I’ve heard a lot of voices in my career as both a breast oncology nurse and health and policy professional. I’ve always been driven by the need to listen to those stories and experiences, and to use the stories I’ve been entrusted with to advocate for change.
Just last night, I was hearing another memorable story from a brave woman in search of meaning and support. Brenda lives in regional Australia, and she has metastatic breast cancer, which she will live with and cope with for the rest of her life. I was asking her why she felt the need to drive nearly 550 miles to attend three of our Breast Cancer Network Australia (BCNA) information sessions on metastatic disease in several different Australian states. Each session is the same as the last, except for one thing – the women who gather there.
Brenda said that she did it to feel a personal connection with other women who might be sharing her experience, and surviving, and doing their best to live a normal, happy life. ‘I’m not alone, so it’s OK,’ she said.
Metastatic breast cancer is a tough disease, requiring great courage and resilience from those who live with it. Yet their stories are still not often heard. They have to get together and talk to each other just to hear their disease acknowledged.
Around the world, October is Breast Cancer Awareness Month. Thousands of organisations will highlight the importance of breast awareness, community education and funding for a cure, covering the world with a sea of pink. It’s a campaign that will resonate with so many who have been touched by breast cancer, through either a personal diagnosis or someone they love or know. Maybe a work colleague, maybe a neighbor, or another mum dropping off their kids at school.
Much of the focus will be on the statistics around the number of people diagnosed every year. But where do those living with the incurable form of breast cancer fit, within all the pink? Where are the statistics for metastatic breast cancer?
We know that, each and every year, over 3000 Australian women and some men will die of this disease. But we have no knowledge of the thousands of others who live every day with this illness. For them, this means lifelong treatment and all of the associated hope and hurdles that go with it.
Karen is another woman who said it so well: "When you are diagnosed with metastatic breast cancer, you think you are going to die in a matter of months but, in my case, you can live with cancer. At first, you are terrified that you are going to die, but you snap into survival mode and keep going. I’m into year 10!"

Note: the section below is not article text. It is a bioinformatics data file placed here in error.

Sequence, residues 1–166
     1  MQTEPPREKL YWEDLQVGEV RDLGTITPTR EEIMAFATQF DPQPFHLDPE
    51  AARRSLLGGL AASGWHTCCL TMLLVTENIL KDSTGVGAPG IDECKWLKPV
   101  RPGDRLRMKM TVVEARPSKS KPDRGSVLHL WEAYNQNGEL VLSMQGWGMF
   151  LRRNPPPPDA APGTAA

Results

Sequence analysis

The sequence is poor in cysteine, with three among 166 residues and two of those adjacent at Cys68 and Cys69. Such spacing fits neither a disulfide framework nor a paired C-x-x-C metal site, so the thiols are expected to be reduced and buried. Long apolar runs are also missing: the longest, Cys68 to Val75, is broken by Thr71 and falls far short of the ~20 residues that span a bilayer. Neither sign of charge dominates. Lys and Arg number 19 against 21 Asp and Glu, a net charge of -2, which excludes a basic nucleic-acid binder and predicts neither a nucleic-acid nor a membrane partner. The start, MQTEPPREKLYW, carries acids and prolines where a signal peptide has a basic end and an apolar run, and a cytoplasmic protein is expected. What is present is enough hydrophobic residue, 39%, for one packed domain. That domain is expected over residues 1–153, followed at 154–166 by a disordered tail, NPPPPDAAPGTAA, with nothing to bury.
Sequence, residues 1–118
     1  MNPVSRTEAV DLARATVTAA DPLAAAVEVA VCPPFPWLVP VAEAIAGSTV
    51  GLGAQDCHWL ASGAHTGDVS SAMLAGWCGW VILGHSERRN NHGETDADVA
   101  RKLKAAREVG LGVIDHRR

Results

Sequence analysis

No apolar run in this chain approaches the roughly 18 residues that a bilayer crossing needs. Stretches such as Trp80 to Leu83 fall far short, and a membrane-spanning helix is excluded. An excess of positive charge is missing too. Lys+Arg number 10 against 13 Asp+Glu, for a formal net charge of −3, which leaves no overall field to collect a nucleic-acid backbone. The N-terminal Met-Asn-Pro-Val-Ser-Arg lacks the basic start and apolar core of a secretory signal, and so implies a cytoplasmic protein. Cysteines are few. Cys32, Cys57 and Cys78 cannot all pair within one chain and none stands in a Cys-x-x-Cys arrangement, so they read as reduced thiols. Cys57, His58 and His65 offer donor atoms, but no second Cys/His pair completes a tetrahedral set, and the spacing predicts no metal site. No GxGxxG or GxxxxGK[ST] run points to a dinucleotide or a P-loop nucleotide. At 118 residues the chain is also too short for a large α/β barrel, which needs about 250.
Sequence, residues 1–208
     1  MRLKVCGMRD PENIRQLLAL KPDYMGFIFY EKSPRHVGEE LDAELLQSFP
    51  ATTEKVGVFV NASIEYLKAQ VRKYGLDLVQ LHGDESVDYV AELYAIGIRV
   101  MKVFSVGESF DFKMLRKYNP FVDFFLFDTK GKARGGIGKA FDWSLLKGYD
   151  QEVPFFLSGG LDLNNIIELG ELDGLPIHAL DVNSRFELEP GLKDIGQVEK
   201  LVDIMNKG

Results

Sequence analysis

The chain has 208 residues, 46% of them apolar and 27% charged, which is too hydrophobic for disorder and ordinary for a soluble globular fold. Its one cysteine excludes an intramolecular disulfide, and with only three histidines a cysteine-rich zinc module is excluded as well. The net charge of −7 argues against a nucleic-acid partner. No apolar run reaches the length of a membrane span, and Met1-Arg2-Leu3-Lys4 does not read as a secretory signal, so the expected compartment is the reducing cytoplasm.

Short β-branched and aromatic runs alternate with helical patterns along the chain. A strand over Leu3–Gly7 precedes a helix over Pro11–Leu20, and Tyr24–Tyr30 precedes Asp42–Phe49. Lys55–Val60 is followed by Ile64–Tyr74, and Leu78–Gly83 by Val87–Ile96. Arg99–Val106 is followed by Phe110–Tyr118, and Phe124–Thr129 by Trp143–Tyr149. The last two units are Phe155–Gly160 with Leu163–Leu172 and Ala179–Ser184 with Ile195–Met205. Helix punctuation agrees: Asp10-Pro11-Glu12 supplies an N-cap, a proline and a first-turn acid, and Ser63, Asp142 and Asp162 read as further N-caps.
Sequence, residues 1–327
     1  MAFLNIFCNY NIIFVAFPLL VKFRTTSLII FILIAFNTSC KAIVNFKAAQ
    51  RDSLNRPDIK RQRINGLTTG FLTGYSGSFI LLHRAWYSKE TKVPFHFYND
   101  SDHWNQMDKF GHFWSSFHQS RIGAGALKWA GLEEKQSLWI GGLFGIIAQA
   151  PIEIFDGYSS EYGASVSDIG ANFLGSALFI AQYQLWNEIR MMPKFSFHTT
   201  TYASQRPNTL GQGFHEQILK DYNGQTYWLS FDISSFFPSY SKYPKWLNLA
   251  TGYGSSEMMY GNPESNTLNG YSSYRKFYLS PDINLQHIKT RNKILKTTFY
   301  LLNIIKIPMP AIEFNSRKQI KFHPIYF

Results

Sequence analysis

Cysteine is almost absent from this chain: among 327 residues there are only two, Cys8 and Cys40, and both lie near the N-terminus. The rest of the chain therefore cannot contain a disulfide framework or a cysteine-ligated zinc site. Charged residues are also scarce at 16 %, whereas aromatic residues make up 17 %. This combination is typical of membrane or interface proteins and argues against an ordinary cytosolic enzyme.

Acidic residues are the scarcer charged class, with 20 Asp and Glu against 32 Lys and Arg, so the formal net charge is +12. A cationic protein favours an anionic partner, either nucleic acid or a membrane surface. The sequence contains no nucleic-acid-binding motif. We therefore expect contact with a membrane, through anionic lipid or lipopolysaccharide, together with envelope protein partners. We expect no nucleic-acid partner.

What does life with metastatic breast cancer for ten years look like? It looks like endless questions, and living with uncertainty. How much time will be ‘well’ time, and how much time will be filled with medical crises, disease progressions and new treatments? Where will I get the support I need to get through this – physical, emotional, social, financial? How will I navigate the minefield, to find the ‘new normal’, when the constant is the disease and it’s deemed to be incurable?
Awareness days and months, with their special colours and public participation, are a wonderful way of reminding people about cancer, and providing a simple way to help. But we have to move beyond goodwill and donations to use these campaigns as an opportunity to advocate strongly for those who fall through the gaps, and to help them find their place in the conversation.
October should be a month to influence decision makers, to force them to reflect on the personal impact that a new drug listing might have for one woman and her family. Instead of asking us how many thousands will benefit from that drug, what cost to the community will it incur, how will it improve overall survival, we need to tell them the story of what a new drug could mean for a woman living with metastatic breast cancer. To help decision-makers understand the incredible importance of the treatment break it might provide, imagine: a break from neuropathy, from nausea, from hair loss. Less time in the hospital, more time with family, time to work and reduce financial stress. To get on with life.
People with metastatic breast cancer tell us again and again that they don’t want their lives to be dictated by their illness.
They want to remain strong contributors, to live meaningful lives no matter what lies ahead. October should be the month that we listen to their voices, and tell their story for them. I’m looking forward to doing just that – it’s a great month to be their advocate.